Rafael Chaves is currently offline Rafael ChavesFriend
Messages: 362
Registered: July 2009
Senior Member
Why would you need more than one return parameter? Do you know you can
have multiple OUT parameters, which can serve the same purpose?

Also, your return parameter can have a multiplicity greater than one, if
you need to return multiple results of the same type.

Cheers,

Rafael

Felix Dorner wrote:
> Andrew Carton wrote:
>> Hi Felix,
>>
>> I think if you look at the Parameter type in the superstructure
>> specification, you'll see something called ParameterDirectionKind as
>> an attribute. This "indicates whether a parameter is being sent into
>> or out of a behavioral element". I guess though you can only have 0 or
>> 1 return result of an operation (if you look at Operation in the spec).
>
> That's exactly what I referred to. I don't see a need why one should not
> be able to have more than one parameter with direction "return". To me
> this is overconstrained...
>
> Felix
Re: Multiple return parameters [message #477111 is a reply to message #477110] Sat, 22 March 2008 08:22 Go to previous messageGo to next message
Felix Dorner is currently offline Felix DornerFriend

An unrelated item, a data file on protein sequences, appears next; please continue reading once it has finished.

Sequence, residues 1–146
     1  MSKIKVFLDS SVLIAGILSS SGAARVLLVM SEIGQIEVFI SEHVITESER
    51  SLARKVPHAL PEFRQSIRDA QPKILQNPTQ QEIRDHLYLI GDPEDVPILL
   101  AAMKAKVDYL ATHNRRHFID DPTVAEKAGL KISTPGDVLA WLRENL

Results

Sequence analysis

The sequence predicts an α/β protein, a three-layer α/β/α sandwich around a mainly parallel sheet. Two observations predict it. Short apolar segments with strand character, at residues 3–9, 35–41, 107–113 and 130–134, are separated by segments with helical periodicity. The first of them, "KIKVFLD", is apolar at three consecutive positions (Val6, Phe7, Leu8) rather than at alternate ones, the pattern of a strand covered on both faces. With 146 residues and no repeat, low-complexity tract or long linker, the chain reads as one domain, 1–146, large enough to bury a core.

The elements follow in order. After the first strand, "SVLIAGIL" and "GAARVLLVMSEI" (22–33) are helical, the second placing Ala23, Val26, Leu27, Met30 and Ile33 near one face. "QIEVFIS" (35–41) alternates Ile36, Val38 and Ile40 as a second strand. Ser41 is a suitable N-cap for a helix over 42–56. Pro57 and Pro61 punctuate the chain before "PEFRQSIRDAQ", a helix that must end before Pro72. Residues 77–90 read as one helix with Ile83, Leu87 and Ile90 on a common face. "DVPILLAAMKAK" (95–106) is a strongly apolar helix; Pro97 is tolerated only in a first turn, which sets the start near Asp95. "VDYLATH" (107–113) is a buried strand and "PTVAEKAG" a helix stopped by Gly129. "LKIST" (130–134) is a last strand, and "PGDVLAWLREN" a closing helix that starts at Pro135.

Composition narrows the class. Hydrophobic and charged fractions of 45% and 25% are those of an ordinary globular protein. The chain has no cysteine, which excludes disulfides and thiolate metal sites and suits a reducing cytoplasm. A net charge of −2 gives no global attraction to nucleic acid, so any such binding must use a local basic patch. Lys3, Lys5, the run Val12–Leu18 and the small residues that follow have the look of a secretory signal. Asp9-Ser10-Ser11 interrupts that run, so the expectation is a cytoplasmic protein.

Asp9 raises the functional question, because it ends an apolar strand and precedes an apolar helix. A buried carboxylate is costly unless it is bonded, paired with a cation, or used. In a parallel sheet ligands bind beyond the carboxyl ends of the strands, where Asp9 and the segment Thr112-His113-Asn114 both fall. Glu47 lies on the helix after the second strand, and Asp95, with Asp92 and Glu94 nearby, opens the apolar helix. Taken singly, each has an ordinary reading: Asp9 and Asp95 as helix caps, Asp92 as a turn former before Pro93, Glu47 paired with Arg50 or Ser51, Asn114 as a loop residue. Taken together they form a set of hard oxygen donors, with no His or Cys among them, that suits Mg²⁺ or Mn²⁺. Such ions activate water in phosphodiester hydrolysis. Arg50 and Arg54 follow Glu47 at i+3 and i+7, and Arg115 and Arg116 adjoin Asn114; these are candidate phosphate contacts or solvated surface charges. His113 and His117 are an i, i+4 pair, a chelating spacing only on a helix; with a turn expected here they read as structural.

Messages: 676
Registered: July 2009
Senior Member
Hey Rafael,

> Why would you need more than one return parameter? Do you know you can
> have multiple OUT parameters, which can serve the same purpose?

For the same reason I'd like more than one out parameter...
I don't understand the difference between "RETURN" and "OUT".

out: Indicates that parameter values are passed from a behavioral
element out to the caller.

return: Indicates that parameter values are passed as return values from
a behavioral element back to the caller.


Where is the _semantic_ difference between those two.. If there is none,
, one should be dropped.

Felix
Re: Multiple return parameters [message #477113 is a reply to message #477111] Sat, 22 March 2008 09:33 Go to previous messageGo to next message
Andrew Carton is currently offline Andrew CartonFriend
Messages: 104
Registered: July 2009
Senior Member
Hey,

A BehavioralFeature can contain ownedParameters. I think there may be
variations in the way each concrete classes that realise the